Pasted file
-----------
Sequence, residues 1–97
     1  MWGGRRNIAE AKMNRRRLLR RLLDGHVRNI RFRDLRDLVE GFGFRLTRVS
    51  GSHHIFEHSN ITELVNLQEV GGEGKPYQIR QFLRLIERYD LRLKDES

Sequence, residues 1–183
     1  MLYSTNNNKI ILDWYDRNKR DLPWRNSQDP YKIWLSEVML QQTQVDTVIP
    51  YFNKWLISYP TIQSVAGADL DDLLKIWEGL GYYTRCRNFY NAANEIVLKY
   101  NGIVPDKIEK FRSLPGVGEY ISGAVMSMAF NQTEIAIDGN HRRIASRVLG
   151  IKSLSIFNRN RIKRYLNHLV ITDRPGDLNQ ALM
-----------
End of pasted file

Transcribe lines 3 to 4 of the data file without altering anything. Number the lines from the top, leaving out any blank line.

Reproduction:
    51  GSHHIFEHSN ITELVNLQEV GGEGKPYQIR QFLRLIERYD LRLKDES

Sequence, residues 1–183